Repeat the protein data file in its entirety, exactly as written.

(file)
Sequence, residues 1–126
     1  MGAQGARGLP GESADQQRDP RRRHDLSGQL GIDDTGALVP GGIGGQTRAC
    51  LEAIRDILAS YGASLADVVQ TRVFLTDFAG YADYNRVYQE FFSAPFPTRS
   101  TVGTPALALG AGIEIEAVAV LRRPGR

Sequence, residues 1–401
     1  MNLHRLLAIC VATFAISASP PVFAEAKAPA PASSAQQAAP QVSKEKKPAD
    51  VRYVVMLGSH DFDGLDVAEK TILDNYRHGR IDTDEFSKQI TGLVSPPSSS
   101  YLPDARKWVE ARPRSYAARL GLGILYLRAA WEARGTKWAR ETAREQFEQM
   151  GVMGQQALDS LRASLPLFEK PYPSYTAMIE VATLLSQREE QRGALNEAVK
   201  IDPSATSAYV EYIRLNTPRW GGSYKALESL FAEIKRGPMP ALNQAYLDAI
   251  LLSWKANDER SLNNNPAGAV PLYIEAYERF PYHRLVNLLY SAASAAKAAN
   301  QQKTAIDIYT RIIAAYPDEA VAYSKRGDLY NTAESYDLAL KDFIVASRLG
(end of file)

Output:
Sequence, residues 1–126
     1  MGAQGARGLP GESADQQRDP RRRHDLSGQL GIDDTGALVP GGIGGQTRAC
    51  LEAIRDILAS YGASLADVVQ TRVFLTDFAG YADYNRVYQE FFSAPFPTRS
   101  TVGTPALALG AGIEIEAVAV LRRPGR

Sequence, residues 1–401
     1  MNLHRLLAIC VATFAISASP PVFAEAKAPA PASSAQQAAP QVSKEKKPAD
    51  VRYVVMLGSH DFDGLDVAEK TILDNYRHGR IDTDEFSKQI TGLVSPPSSS
   101  YLPDARKWVE ARPRSYAARL GLGILYLRAA WEARGTKWAR ETAREQFEQM
   151  GVMGQQALDS LRASLPLFEK PYPSYTAMIE VATLLSQREE QRGALNEAVK
   201  IDPSATSAYV EYIRLNTPRW GGSYKALESL FAEIKRGPMP ALNQAYLDAI
   251  LLSWKANDER SLNNNPAGAV PLYIEAYERF PYHRLVNLLY SAASAAKAAN
   301  QQKTAIDIYT RIIAAYPDEA VAYSKRGDLY NTAESYDLAL KDFIVASRLG